Noah Feldman, a constitutional scholar at Harvard Law School, posted a description of the scene in Tunis on Jan. 9 when this “Article 45” was passed: “After the vote, the assembly and audience stood up spontaneously and sang the national anthem. There wasn’t a dry eye in the house — including mine.”
What’s remarkable about the Tunisian constitution is not just that it promises full rights for women and minorities but also that Islamist forces, led by the Ennahda Party, endorsed this outcome gracefully. That’s the real breakthrough because it suggests a political culture of compromise in which democracy can take root and thrive.
“It is a result of consensus, and this is new in the Arab world,” stressed Ghazi Gherairi, a constitutional law expert in Tunis, to the New York Times. The articles of the new constitution were approved by parliament Thursday, marking a milestone in the process that began in December 2010 when a Tunisian fruit vendor set himself on fire to protest his lack of rights.
Analysts have contrasted the conciliatory approach in Tunisia with the military coup in Egypt last July that crushed the Muslim Brotherhood government of former president Mohamed Morsi. Certainly, Tunisia is the right model, but analysts note the paradox that the Egyptian military crackdown has encouraged compromise by Islamists who don’t want to suffer the same fate as Morsi. “It was partly the crisis in Egypt . . . that prompted Ennahda to make important concessions and seek consensus on the new Tunisian Constitution,” reported Carlotta Gall this month in the Times.
“The lesson of Egypt for us is that you can’t rely on an election, you have to create consensus,” said Fadel Lamen, a Libyan who’s helping organize a “national dialogue” there to create political common ground. “The lesson of Tunisia,” he continued, “is that people have to learn to compromise.”
The Tunisian constitutional breakthrough was, in fact, preceded by a national dialogue sponsored by President Moncef Marzouki. Through this process, the Islamist prime minister, Ali Larayedh of Ennahda,
agreed to step down and cede power to a more secular, technocratic government. “This was our goal in the national dialogue so that Tunisians can find an exit that avoids internal conflict,” Larayedh said in resigning.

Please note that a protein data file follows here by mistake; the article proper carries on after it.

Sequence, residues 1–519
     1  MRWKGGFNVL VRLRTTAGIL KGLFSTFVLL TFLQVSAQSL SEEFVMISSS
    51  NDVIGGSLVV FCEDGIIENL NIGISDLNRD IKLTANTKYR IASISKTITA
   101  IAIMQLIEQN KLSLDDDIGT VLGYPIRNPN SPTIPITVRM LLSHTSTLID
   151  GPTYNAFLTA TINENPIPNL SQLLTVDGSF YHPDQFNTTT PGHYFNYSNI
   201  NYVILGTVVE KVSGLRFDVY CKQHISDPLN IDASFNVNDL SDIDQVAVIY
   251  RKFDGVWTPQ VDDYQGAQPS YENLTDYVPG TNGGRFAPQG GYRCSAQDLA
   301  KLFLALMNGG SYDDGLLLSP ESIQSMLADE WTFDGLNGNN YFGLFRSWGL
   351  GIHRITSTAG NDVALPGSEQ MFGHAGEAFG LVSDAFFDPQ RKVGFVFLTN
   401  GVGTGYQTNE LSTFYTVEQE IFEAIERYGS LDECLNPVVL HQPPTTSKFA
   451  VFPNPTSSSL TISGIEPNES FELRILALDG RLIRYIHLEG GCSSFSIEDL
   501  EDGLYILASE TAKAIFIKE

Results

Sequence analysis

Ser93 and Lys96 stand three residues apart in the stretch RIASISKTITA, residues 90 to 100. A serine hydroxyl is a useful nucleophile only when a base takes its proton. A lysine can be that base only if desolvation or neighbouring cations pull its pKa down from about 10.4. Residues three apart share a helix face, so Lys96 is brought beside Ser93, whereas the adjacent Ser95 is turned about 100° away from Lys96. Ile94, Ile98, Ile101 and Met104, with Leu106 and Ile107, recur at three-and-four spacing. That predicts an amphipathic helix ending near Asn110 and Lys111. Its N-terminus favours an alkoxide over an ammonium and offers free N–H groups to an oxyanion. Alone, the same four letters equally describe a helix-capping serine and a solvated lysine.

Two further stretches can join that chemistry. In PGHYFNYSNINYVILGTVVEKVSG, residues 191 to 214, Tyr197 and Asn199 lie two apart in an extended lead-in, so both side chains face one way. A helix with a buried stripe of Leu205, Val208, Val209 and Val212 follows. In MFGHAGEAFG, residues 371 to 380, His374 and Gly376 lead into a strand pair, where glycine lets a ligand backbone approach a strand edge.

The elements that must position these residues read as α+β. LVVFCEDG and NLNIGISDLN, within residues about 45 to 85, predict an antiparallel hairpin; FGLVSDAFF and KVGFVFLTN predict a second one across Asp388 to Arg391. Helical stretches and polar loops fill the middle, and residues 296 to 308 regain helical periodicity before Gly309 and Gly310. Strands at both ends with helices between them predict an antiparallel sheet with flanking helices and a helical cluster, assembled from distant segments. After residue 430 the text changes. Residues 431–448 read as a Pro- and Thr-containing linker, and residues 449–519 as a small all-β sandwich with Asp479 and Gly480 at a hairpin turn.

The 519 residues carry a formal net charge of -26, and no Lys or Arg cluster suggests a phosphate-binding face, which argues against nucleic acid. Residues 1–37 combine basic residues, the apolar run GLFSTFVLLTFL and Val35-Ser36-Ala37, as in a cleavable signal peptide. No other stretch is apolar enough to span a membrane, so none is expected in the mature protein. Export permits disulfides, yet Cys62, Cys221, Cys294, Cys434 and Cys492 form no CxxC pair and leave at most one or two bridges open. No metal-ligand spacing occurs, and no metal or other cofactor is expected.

Yemen, too, has fostered a national dialogue to bridge internal divisions. Like so many Arab nations, Yemen is riven by sectarian, ethnic and regional conflict — which makes a direct transition to democracy very difficult. Thus, the logic of dialogue: “At its core, the dialogue presented an opportunity for non-traditional actors, new political forces, and marginalized communities to weigh in on the future of the country,” wrote Danya Greenfield of the Hariri Center
in a recent post.
Can a similar dialogue fill the political vacuum in Libya? That’s Lamen’s goal, with support from the United Nations. He noted that political infighting has paralyzed both the parliament, known as the General National Congress, and the constituent assembly that’s supposed to draft a constitution. “They’re fighting for rooms before the house has been built,” he said. To prepare the way, he plans a 250-person conference of tribes, unions and other groups in late March to draft a national charter.
Surely, this model would also be useful for Syria as it struggles to end a brutal civil war. Elections won’t produce stability unless there’s a prior national consensus — perhaps achieved through a U.N.-sponsored dialogue — on what sort of state most Syrians want.
The tumultuous course of the Arab revolutions over the past three years suggests that, when it comes to democracy, a nation can’t hope to run before it learns to walk. Tunisia seems to have gotten the sequence right — and shown that political stability and compromise are inseparable.
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